- Written by Janis Merrell
- Published: 13 September 2019
“We are a community-wide alliance that is aimed at improving quality of life, and that can mean many different things to many different people. How someone has interacted with us is typically how they think of us.”
This is how Heather Bialecki-Canning, North Quabbin Community Coalition Executive Director, describes the organization.
“We have been in existence since 1984. We really started as an entity of folks who were coming together to provide information and referral, specifically around health and human services needs. In time we grew and we learned that the best way to tackle many of the issues that came up was to bring together the experts and help facilitate conversations to ensure advocacy for unique regions, and provide home-based solutions for people.”
The North Quabbin Community Coalition (NQCC) runs a series of task forces. Every year they evaluate these task forces, which are totally driven by community input, the board of directors, a parent advisory committee, and a youth advisory committee, along with a community coalition monthly forum which helps to identify what the current issues are. They also rely on health needs assessments.
“We really help this area to get the best of what services are available on either side of us.”
“We really help this area to get the best of what services are available on either side of us,” says Bialecki-Canning, who explains that because the North Quabbin area is on the outskirts of both Worcester and Franklin counties, it is important to have an entity that provides advocacy and can find the best resources from both counties to help people who make one of the nine towns in the North Quabbin area their home. Those nine towns are Athol, Erving, New Salem, Orange, Petersham, Phillipston, Royalston, Warwick, and Wendell.
One issue the coalition has been focusing on is substance abuse prevention, recovery, and treatment. According to Bialecki-Canning, “One of the things we really want to emphasize is that no matter how you look at substance abuse, it is a cradle to the grave issue.” The coalition has found that the feedback from their youth group regarding preventing and treating substance abuse is the same as the feedback from their elder group, including the suggestion of measures such as preventing isolation, making sure people feel useful, and making sure people have access to things that make life meaningful, rich, and robust. Access to wellness and behavioral health services are also important factors mentioned by both groups. Bialecki-Canning points out substance abuse is a generational issue and “not new to us in North Quabbin, especially alcohol abuse.”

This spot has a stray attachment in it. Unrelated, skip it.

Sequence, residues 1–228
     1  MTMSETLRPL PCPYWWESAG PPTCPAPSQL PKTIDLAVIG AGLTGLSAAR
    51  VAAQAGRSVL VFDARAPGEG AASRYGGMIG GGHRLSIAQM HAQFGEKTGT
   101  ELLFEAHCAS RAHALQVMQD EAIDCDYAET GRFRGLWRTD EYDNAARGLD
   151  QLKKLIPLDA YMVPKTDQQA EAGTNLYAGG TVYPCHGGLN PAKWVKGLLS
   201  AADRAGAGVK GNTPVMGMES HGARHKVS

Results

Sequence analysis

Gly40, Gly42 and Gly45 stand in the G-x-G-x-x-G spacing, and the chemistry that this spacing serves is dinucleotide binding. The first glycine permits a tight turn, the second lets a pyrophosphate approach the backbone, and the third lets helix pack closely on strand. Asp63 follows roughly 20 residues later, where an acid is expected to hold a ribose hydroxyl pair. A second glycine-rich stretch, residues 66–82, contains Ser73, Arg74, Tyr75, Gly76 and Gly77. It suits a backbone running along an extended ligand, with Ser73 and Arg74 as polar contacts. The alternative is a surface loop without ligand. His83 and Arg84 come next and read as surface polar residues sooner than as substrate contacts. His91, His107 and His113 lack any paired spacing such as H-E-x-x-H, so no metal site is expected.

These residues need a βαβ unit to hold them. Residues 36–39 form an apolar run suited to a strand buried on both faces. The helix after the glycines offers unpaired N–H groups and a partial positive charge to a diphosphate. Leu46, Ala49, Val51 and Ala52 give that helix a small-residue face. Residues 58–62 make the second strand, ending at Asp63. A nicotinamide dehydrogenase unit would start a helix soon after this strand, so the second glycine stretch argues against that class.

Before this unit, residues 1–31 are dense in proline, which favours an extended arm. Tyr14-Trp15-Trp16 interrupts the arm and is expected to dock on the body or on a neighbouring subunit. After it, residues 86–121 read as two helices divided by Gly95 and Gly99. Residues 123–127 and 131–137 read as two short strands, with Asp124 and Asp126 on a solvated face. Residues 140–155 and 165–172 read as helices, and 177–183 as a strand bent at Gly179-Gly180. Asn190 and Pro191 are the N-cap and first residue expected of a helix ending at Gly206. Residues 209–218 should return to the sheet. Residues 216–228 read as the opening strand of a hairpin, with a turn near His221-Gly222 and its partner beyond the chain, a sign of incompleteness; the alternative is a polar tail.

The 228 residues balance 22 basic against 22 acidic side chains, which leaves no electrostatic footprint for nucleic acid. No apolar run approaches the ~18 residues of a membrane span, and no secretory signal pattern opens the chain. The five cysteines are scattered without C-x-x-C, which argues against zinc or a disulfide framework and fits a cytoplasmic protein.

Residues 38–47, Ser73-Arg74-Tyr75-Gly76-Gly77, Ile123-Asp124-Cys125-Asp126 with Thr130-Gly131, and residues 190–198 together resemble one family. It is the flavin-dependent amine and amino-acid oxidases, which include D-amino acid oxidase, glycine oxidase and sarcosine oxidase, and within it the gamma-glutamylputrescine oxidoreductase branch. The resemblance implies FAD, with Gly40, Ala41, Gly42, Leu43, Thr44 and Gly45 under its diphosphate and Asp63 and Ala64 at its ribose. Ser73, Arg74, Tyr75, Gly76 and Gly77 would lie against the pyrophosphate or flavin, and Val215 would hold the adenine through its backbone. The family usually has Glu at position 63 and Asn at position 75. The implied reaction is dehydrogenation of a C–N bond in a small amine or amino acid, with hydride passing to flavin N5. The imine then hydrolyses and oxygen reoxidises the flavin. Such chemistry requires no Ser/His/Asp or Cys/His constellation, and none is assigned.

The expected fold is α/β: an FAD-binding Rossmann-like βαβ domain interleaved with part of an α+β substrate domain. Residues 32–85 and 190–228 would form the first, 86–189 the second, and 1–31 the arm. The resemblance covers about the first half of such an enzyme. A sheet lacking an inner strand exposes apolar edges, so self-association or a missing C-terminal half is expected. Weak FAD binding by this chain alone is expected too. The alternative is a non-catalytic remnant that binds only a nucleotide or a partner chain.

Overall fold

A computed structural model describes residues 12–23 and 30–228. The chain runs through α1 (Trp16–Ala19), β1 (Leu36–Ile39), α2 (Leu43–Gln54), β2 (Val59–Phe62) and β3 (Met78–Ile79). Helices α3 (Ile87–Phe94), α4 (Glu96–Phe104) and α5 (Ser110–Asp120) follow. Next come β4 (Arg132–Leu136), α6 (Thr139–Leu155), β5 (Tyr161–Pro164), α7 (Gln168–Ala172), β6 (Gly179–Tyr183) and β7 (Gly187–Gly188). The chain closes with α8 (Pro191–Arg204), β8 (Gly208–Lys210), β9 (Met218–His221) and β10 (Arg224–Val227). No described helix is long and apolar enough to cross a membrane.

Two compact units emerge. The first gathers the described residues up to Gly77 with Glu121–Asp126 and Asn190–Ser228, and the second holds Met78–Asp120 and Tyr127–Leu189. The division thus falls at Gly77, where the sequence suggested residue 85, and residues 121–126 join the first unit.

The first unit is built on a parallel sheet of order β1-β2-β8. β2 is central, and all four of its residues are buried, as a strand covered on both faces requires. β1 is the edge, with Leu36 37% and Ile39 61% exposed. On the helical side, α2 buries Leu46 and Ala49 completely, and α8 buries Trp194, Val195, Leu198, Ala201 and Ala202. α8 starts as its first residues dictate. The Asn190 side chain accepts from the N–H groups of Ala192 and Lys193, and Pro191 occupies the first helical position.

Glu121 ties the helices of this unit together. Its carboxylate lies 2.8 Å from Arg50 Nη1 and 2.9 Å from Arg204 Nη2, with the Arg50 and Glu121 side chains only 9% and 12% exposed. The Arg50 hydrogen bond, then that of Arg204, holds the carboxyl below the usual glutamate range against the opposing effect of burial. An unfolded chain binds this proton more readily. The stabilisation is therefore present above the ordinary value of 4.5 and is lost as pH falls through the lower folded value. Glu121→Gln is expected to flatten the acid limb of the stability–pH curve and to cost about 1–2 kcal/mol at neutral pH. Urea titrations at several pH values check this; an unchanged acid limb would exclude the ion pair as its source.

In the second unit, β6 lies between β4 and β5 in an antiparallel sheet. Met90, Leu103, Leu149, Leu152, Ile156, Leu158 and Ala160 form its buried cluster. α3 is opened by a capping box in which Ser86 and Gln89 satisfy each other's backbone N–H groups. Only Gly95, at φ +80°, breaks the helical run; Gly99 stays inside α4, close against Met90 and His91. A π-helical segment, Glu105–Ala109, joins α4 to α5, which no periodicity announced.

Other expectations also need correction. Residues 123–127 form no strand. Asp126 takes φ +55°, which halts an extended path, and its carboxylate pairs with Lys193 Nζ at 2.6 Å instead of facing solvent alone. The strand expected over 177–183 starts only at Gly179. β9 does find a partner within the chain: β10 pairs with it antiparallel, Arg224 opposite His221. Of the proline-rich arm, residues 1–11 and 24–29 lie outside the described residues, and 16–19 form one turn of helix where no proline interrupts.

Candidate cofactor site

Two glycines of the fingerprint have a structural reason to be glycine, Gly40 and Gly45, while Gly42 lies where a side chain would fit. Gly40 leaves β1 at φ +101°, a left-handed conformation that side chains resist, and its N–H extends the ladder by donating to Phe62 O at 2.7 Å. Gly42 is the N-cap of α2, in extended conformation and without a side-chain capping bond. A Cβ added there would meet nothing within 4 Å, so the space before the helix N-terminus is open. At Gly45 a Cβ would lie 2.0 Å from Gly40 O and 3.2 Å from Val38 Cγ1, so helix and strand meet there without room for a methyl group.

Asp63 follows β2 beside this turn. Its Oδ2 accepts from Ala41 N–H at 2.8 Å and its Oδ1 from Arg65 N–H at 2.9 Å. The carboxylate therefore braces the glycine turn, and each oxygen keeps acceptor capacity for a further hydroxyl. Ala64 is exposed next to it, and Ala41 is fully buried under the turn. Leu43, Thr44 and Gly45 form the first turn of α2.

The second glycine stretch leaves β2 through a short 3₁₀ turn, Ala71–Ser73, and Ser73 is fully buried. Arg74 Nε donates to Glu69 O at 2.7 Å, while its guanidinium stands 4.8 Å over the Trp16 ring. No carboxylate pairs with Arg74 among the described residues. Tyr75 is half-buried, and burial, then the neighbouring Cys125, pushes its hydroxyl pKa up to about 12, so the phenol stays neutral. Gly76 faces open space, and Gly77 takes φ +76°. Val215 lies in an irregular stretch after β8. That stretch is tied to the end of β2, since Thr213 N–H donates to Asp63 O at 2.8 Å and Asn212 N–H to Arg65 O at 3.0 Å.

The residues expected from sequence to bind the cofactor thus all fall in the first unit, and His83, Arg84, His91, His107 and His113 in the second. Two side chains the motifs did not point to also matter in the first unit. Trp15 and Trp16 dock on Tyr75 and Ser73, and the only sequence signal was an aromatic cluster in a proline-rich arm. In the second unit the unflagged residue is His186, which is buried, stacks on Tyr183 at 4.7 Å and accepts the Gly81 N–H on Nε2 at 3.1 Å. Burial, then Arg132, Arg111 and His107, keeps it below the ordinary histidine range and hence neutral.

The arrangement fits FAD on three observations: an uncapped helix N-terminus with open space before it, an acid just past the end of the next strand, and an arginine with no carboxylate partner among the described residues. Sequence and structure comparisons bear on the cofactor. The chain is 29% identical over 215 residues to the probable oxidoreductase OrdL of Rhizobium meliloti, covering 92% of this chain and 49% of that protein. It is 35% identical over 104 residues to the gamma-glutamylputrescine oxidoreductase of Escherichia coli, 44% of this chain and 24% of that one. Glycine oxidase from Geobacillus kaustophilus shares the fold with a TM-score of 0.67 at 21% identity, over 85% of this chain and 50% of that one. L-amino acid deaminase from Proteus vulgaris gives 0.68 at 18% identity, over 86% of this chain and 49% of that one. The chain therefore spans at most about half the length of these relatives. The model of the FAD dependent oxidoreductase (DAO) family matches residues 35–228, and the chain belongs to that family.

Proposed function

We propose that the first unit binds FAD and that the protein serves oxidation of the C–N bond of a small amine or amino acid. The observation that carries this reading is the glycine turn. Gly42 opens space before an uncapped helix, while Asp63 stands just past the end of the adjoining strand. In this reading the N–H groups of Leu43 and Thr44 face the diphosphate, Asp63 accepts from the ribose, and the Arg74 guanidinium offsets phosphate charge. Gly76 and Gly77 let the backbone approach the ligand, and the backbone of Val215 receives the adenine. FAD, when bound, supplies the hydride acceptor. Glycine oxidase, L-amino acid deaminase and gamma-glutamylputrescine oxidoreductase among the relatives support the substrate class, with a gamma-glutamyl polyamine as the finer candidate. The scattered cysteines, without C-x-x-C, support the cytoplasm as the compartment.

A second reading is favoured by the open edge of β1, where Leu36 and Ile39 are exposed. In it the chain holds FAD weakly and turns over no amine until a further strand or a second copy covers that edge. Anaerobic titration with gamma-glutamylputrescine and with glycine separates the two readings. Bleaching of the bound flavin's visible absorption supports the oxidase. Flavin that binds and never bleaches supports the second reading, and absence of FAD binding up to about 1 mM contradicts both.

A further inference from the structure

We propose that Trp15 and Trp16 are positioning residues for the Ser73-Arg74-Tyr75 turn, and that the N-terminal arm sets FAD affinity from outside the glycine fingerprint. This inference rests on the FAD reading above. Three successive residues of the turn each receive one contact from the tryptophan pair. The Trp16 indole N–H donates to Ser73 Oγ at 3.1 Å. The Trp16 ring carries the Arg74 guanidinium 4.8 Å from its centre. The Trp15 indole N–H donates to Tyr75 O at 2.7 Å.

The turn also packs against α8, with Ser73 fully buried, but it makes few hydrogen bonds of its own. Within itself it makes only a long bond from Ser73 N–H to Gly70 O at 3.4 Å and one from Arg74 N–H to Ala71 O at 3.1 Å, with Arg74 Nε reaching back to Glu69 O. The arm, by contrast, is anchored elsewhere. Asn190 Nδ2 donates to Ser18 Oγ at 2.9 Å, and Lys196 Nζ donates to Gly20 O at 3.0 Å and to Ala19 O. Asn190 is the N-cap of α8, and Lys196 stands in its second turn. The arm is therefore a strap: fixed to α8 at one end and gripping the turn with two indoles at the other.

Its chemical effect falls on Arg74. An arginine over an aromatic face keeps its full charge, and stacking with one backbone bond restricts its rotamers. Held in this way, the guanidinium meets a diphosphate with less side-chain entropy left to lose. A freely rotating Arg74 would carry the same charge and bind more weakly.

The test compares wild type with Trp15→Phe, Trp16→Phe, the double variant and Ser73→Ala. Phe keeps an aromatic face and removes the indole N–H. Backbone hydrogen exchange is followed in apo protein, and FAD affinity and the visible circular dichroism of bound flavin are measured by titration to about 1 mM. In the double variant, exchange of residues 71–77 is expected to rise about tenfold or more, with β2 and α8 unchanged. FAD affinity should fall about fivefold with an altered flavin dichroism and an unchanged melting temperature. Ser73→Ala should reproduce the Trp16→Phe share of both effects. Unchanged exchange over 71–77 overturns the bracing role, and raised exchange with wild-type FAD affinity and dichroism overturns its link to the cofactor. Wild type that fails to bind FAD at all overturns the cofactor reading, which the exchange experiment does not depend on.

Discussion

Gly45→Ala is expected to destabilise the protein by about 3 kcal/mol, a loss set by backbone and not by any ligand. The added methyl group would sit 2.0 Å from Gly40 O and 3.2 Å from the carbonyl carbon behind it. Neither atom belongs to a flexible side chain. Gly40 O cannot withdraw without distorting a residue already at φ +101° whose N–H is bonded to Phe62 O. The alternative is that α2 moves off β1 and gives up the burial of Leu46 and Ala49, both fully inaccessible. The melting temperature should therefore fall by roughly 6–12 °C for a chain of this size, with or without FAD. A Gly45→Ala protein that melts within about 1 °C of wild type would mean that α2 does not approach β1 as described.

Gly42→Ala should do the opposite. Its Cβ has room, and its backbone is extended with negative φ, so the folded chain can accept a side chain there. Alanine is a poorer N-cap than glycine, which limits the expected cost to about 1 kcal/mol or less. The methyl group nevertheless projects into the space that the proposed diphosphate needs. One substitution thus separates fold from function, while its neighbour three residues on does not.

One project of the North Quabbin Community Coalition is the North Quabbin Recovery Center, located on the first floor of the Pequoig Building at 416 Main Street in Athol. Bialecki-Canning states the recovery center has “helped the community remove the stigma around recovery” and offers multiple paths of recovery. Peers and allies visit the center for “mediocre” coffee or to attend a recovery meeting. The center is open three days a week to visitors (Tuesday at 10 a.m. to 1 p.m., Wednesdays and Thursdays from 10 a.m. to 2 p.m.) and in the last year they’ve had 300 new individuals visit, with many coming back regularly.
“Our focus on substance abuse has definitely been a large part of our work over the last few years, but it has not taken away from the other work that we’ve done around quality of life, access to services, and regional advocacy,” states Bialecki-Canning. One example of this is a coalition program which delivers Thanksgiving meals to home-bound individuals. The coalition had to turn volunteers away because so many people offered to help. “Programs like that are the heart of what the coalition is all about,” she says.
The North Quabbin Community Coalition also organizes local block parties for National Night Out Against Violence on August 6 with fire departments and EMTs. Athol’s party had over 300 visitors, with a rivalry growing between the towns of Athol, Orange, Petersham, and Royalston as to who could offer the best event. About the rivalry, Bialecki-Canning states, “Even though Petersham is smaller, nobody beats Petersham Police Chief Cooley.” The coalition also hosts a “Munch and Move Family Night Out” in February which includes nutritious meals, desserts, and games.
Heather Bialecki-Canning’s mother was the previous coalition director for 14 years. During that time Heather was “voluntold” to participate in activities supporting the coalition, so she got involved early on, and was “incredibly in awe of the work they did” when she worked for partners of the coalition including Community Action and Valuing Our Children. When she had the opportunity to apply for the Executive Director position in November 2014 she was happy to take the leap.
“We’re a crack filler,” explains Bialecki-Canning, “Every so often individuals come in who can’t be helped in the short term by a referral. Someone came in looking for rides but when we met with them their needs were more complex and some were emergent. NQCC could help with immediate needs dealing with unstable housing, a foot injury, lack of transportation to a food pantry, and an inability to carry the food due to another injury. We were able to get a box of food back to her home and help her get to the ER for care. NQCC could then refer out for longer term needs.”
NQCC and LifePath often work together on client-related issues and programs. For example, LifePath provides the food delivery trays for the Thanksgiving meals and is a financial sponsor, and LifePath staff serve on NQCC’s task forces and Board of Directors. LifePath also collaborates with NQCC to assist individuals in the community in need of help.